A funny thing happened on the way to the delta. The one on Jezero crater on Mars, that is, as the Perseverance rover may have captured a glimpse of the parachute that helped deliver it to the Red Planet a little over a year ago. Getting the rover safely onto the Martian surface was an incredibly complex undertaking, made all the more impressive by the fact that it was completely autonomous. The parachute, which slowed the descent vehicle holding the rover, was jettisoned well before the “Sky Crane” deployed to lower the rover to the surface. The parachute wafted to the surface a bit over a kilometer from the landing zone. NASA hasn’t confirmed that what’s seen in the raw images is the chute; in fact, they haven’t even acknowledged the big white thing that’s obviously not a rock in the picture at all. Perhaps they’re reserving final judgment until they get an overflight by the Ingenuity helicopter, which is currently landed not too far from where the descent stage crashed. We’d love to see pictures of that wreckage.

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3D Printing Tiny Metal Parts

It may sound like a pop band, but μ-WAAM is actually a 3D printing technique for making small metal parts from the NOVA University Lisbon. Of course, WAAM stands for wire arc additive manufacturing, a well-known technique for 3D printing in metal. The difference? The new technique uses 250 μm wire stock instead of the 1mm or thicker wires used in conventional WAAM.

The thinner feed wire allows μ-WAAM to create fine details like thin walls that would be difficult to replicate with traditional methods. Typically, for fine structures, printers use fused metal powder. This is good for fine details, but typically slower and has higher waste than wire-based systems.

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Defective 3D Printing For Great Strength

Most of us want our 3D prints to be perfect. But at Cornell University, they’ve been experimenting with deliberately introducing defects into printed titanium. Why? Because using a post-print treatment of heat and pressure they can turn those defects into assets, leading to a stronger and more ductile printed part.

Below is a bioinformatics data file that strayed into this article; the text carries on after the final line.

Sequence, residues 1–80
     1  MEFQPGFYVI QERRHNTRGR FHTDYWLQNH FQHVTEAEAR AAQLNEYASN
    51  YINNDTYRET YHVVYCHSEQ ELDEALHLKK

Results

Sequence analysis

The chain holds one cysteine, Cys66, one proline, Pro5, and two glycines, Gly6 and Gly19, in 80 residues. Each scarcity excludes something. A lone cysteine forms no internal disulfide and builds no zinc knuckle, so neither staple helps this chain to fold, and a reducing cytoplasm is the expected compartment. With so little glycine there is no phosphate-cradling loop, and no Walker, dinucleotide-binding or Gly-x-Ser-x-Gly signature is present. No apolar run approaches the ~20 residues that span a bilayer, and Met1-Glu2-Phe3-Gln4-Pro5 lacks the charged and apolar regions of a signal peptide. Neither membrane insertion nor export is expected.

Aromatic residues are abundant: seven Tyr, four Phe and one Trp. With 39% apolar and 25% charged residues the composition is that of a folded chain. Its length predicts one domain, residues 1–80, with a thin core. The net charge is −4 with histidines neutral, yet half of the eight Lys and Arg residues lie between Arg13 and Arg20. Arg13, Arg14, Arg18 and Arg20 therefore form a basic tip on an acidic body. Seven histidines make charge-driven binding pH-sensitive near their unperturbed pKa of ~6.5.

The most common ways to print metal use powders melted together, and these lead to tiny pores in the material that weaken the final product. Using Ti-6Al-4V, the researchers deliberately made a poor print that had more than the usual amount of defects. Then they applied extreme heat and pressure to the resulting piece. The pressure caused the pores to close up, and changed the material’s internal structure to be more like a composite.

Reports are that the pieces treated in this way have superior properties to parts made by casting and forging, much less 3D printed parts. In addition, the printing process usually creates parts that are stronger in some directions than others. The post processing breaks that directionality and the finished parts have equal strength in all directions.

The hot isostatic pressing (HIP) process isn’t new — it is commonly used in metal and ceramic processing — so this method shouldn’t require anything more exotic than that. Granted, even cheap presses from China start around $7,000 and go way up from there, but if you are 3D printing titanium, that might not be such a big expenditure. The only downside seems to be that if the process leaves any defects partially processed, it can lead to fatigue failures later.

We wonder if this development will impact all the car parts being printed in titanium lately. If you need something to print in titanium, consider hacking your rib cage.

3D Printing Copper

People really want to 3D print metal, but while true metal printers exist, they still are expensive and out of reach of most hackers. However, even if you can afford an exotic printer or use metal-impregnated polymer, you don’t often see copper as a print material. Copper has high electrical and thermal conductivity which makes it very useful. But that thermal conductivity also makes it very difficult to print using any process that involves heating up the material and copper reflects common lasers used in the 3D printing process. However, a German company, Infinite Flex, is claiming a breakthrough that will allow printers that use a standard IR laser to produce copper parts. The material, Infinite Powder CU 01 is suitable for selective laser sintering and several other laser-based techniques.

The powder has 99.5% copper and particle sizes of between 10 and 45 microns. There are some copper alloys that reduce thermal conductivity to allow printing, but often the reason you want a copper part is for its thermal properties. A kilogram of the powder will set you back nearly $100, so it isn’t dirt cheap, but it isn’t astronomical, either.